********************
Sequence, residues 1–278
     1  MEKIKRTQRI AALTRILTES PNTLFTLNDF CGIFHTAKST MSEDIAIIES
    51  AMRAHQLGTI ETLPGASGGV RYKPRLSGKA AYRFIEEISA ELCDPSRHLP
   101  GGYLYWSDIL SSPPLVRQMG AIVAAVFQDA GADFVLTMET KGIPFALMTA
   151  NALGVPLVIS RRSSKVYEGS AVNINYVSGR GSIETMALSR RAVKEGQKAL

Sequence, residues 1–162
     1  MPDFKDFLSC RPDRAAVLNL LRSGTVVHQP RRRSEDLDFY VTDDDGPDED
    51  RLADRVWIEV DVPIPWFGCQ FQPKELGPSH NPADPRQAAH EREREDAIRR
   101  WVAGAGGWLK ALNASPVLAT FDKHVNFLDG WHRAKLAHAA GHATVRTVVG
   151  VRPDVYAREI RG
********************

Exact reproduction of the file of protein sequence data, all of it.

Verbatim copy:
Sequence, residues 1–278
     1  MEKIKRTQRI AALTRILTES PNTLFTLNDF CGIFHTAKST MSEDIAIIES
    51  AMRAHQLGTI ETLPGASGGV RYKPRLSGKA AYRFIEEISA ELCDPSRHLP
   101  GGYLYWSDIL SSPPLVRQMG AIVAAVFQDA GADFVLTMET KGIPFALMTA
   151  NALGVPLVIS RRSSKVYEGS AVNINYVSGR GSIETMALSR RAVKEGQKAL

Sequence, residues 1–162
     1  MPDFKDFLSC RPDRAAVLNL LRSGTVVHQP RRRSEDLDFY VTDDDGPDED
    51  RLADRVWIEV DVPIPWFGCQ FQPKELGPSH NPADPRQAAH EREREDAIRR
   101  WVAGAGGWLK ALNASPVLAT FDKHVNFLDG WHRAKLAHAA GHATVRTVVG
   151  VRPDVYAREI RG